FilmFellas Cast 3 “Social Networking: The Wild West”


FilmFellas Cast 3 – Webisode 10 – The Social Experiment

Webisode 10 brings you a brand new cast of FilmFellas. Each fella has a different approach to online media, but they do agree on one thing, media is changing and it’s changing fast. Steve opens with the classic and sometimes risky exercise of “say what you think of first”. Each cast member is hit with a variety of terms from web video to social networking and the responses may shock you. Conversation quickly turns to the idea of how physical media is shifting to online media.

Zacuto FilmFellas Cast 3 Webisode 11
Zacuto FilmFellas Cast 3 Webisode 12
Zacuto FilmFellas Cast 3 Webisode 13
Zacuto FilmFellas Cast 3 Webisode 14

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146 Responses to “FilmFellas Cast 3 “Social Networking: The Wild West””

  1. gary nadeau on January 15th, 2010 1:11 pm

    I’m lovin’ this stuff. Steve I think you are absolutely right on track. re: content – just a wee bit ahead of the curve. It’s sort of like a corporation sponsoring a stadium. The cast is great – really impressed with Anish. Ultimately, I think the multiplex will always exist in one form or another. We as a culture like to go out and do something – dinner and a movie – is always the best option. But change is a coming…

  2. Zacuto USA, Steve Weiss on January 15th, 2010 1:26 pm

    I agree with you Gary, as we are all reformulating our business models, so too will Hollywood, they’ve had to do it every decade since its inception.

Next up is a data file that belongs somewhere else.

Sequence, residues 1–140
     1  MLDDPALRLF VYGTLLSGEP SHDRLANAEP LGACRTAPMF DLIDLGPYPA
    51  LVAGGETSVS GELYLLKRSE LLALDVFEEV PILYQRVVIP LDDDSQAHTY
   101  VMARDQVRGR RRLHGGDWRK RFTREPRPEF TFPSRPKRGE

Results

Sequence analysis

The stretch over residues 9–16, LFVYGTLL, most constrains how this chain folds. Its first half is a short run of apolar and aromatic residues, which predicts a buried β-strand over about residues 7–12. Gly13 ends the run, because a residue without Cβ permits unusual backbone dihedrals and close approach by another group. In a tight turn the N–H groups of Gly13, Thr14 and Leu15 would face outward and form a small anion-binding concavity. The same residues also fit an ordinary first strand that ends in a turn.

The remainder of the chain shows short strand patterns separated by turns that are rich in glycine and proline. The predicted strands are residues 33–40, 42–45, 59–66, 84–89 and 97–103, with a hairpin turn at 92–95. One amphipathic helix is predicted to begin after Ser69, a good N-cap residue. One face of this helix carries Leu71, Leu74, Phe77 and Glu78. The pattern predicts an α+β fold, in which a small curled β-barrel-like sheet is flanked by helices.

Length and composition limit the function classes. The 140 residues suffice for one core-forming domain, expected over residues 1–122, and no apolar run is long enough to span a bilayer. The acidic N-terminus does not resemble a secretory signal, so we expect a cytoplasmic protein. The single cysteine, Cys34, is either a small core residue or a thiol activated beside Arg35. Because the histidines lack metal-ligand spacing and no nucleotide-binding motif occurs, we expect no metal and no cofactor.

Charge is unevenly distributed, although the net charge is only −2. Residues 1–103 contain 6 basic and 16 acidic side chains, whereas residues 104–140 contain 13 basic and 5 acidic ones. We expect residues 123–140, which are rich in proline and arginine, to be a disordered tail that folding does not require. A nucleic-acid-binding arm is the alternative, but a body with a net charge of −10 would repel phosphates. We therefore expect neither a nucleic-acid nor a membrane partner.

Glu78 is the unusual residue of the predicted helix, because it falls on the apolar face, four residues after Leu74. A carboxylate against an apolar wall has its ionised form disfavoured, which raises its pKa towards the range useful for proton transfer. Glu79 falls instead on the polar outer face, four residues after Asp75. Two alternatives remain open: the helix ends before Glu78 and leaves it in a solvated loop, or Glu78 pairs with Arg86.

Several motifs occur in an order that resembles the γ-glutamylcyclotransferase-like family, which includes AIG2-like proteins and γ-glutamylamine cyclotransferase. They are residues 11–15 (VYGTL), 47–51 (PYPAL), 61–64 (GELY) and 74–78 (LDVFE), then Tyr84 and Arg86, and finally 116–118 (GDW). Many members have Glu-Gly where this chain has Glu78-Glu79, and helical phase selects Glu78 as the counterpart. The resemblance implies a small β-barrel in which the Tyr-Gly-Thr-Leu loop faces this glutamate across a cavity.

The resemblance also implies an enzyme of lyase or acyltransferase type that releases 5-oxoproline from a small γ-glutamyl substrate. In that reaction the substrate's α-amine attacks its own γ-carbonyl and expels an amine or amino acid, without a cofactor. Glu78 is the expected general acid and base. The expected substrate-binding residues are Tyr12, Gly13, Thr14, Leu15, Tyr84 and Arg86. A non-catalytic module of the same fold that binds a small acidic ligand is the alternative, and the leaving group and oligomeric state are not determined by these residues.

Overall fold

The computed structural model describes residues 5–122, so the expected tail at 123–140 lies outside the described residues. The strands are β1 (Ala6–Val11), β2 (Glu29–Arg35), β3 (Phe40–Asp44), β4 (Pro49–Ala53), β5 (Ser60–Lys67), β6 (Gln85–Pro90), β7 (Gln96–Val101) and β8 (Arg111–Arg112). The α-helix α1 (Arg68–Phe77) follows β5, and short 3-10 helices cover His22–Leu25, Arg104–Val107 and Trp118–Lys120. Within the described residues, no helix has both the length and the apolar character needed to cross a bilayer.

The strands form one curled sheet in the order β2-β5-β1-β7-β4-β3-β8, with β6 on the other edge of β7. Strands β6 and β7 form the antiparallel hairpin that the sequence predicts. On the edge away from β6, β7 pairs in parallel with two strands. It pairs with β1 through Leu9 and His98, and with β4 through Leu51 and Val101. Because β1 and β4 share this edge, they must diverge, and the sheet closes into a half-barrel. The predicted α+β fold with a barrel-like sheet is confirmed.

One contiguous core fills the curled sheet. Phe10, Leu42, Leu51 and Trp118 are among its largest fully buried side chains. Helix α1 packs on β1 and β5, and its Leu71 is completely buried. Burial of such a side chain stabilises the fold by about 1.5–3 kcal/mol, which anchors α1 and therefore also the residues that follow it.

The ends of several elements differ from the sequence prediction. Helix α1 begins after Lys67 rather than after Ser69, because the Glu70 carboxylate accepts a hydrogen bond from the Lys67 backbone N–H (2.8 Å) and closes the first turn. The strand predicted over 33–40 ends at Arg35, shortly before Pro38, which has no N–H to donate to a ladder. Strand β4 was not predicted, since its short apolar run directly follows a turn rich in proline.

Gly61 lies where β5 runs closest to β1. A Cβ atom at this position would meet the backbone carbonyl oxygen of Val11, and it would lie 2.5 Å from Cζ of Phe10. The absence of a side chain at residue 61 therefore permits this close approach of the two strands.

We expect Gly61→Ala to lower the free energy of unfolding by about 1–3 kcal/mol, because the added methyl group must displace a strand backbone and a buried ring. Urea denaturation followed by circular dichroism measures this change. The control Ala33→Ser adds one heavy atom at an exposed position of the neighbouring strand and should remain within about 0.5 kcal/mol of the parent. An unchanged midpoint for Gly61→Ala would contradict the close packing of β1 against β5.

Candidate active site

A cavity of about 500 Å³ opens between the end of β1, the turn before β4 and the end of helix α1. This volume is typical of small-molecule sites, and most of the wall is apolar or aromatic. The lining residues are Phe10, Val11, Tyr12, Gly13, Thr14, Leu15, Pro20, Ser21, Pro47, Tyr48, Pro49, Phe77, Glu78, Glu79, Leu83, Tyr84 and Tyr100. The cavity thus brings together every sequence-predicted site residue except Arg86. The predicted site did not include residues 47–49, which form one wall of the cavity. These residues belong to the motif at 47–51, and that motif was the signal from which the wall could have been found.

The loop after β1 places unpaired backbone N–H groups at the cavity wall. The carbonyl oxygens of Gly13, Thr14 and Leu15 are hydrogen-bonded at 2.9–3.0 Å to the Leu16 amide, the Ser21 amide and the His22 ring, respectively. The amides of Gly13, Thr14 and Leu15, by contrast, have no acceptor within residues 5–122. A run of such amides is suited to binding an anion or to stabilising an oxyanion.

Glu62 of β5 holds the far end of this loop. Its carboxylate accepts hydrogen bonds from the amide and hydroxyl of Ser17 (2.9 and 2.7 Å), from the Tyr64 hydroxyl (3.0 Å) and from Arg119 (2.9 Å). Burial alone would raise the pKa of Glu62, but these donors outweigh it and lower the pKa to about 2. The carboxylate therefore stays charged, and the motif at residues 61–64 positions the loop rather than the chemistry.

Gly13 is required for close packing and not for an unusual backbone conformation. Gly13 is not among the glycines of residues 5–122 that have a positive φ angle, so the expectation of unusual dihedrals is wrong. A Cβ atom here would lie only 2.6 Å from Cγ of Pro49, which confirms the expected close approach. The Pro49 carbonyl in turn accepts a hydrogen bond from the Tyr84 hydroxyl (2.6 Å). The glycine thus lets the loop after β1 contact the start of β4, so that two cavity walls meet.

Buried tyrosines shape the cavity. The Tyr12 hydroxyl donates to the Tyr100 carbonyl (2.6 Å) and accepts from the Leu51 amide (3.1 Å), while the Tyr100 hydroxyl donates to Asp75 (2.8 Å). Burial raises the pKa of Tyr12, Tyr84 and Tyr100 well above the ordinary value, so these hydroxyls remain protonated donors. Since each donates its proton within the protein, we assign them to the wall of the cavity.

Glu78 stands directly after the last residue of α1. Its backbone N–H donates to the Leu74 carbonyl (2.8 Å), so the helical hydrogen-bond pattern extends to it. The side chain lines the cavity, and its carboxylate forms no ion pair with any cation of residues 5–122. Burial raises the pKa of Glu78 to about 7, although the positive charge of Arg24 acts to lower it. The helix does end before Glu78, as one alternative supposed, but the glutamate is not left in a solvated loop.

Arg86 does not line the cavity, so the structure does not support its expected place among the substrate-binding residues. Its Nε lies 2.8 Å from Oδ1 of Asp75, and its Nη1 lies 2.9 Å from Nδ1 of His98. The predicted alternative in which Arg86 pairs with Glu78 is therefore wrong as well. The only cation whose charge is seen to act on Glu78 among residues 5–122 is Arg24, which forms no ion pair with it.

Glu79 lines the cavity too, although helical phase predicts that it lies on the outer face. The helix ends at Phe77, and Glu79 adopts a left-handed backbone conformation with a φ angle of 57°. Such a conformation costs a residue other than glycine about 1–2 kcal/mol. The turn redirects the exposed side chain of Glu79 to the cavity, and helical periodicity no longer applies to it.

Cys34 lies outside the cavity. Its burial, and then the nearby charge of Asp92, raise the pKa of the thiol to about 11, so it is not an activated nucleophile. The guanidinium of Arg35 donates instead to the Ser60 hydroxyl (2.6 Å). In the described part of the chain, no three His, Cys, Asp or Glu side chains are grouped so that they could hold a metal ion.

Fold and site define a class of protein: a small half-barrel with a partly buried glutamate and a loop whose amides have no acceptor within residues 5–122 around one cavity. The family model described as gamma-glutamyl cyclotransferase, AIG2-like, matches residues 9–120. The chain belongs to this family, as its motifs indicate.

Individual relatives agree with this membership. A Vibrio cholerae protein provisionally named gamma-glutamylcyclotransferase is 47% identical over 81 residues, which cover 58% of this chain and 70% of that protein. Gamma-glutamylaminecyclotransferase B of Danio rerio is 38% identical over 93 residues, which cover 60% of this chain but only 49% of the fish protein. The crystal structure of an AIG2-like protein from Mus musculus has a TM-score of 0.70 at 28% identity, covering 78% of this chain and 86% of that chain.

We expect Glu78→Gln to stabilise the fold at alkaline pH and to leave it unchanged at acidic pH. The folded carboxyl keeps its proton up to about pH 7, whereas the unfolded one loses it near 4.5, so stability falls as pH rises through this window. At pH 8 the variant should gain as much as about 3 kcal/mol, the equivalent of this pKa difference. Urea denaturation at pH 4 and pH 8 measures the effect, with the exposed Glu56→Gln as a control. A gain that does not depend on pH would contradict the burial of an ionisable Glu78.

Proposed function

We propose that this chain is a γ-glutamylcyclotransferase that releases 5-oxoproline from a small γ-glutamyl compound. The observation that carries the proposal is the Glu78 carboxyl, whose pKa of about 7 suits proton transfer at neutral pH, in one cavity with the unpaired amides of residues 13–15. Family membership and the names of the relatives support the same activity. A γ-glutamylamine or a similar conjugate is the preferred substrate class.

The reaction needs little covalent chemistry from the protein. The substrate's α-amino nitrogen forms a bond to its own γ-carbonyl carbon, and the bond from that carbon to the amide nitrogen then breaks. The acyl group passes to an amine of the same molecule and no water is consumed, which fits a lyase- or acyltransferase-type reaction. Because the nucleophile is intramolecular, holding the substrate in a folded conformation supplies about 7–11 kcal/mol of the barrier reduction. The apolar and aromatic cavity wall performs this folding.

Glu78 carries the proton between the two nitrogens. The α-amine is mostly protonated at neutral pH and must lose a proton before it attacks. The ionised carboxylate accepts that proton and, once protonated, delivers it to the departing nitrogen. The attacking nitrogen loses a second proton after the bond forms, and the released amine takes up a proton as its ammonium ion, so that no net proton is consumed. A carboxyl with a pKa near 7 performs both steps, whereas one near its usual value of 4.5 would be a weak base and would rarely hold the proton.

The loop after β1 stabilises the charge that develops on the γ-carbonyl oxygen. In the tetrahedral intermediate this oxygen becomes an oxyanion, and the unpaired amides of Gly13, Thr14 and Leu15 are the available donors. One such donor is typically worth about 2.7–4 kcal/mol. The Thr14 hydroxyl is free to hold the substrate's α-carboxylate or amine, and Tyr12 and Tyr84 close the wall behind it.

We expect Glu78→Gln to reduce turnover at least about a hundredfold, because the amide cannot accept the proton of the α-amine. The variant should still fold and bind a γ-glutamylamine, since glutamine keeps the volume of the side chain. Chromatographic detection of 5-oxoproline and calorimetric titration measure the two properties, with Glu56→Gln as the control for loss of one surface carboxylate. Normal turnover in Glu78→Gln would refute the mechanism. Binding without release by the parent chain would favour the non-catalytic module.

The real problem in the world today is all businesses in all industries really need to realize that they have to reformulate their business models every 3 months instead of every 10 years. That is the fallout of the immediacy of our new global world. 

    We used to be a country of innovators, but so many of these businesses that are failing are because they are reacting to the world and not innovating it. 

    I Hate to get poetic but:
    Some men see things as they are and ask “Why?” 
    I dream things that never were and ask, “Why not?” RFK

    Filmmakers worldwide, it’s never been a better time in the history of filmmaking to innovate, get busy, create!
    Steve

  3. Anonymous on January 15th, 2010 1:28 pm

    I find this stuff really interesting. It’s inevitable that on-line and the content production models spoken about will be the way forward. It is just so difficult to get the money for the productions from the very companies that it will benefit. They can’t seem to see the change around the corner…well it’s basically here isn’t it. Keep ‘em coming Steve, very informative.

  4. Nels Chick on January 15th, 2010 1:36 pm

    This is my favorite episode so far. I agree with Gary about the big screen. I think some people will still want to go out for a flick, but I think the hugely overpriced business model will be dramatically effected by this net video movement.

  5. Trent Whittington on January 15th, 2010 1:36 pm

    As always, just when I get right into the episode it ends. Oh well only a month until episode 11…

  6. Northernlight Filmworks on January 15th, 2010 1:40 pm

    Another great episode Steve. Couple things. First, I think there is going to be a huge demand for online delivery for features as long as we can get it right away to our own home theatre system. But what is missing here is that there is still a large part of the population that enjoy the social aspects of enjoying a movie together. Movies hopefully generate an emotional response being among other people is another dynamic that is part of the whole experience.

    I believe we are on the edge of a total shift in the way products are advertised. This shift has really been forced into reality with the economic downturn. The most successful companies are going to be those that realize that promoting their product or service is more about the journey and not the destination. People want to feel like they are part of something.

    Loving the thought provoking content.

  7. Justin Evidon on January 15th, 2010 1:42 pm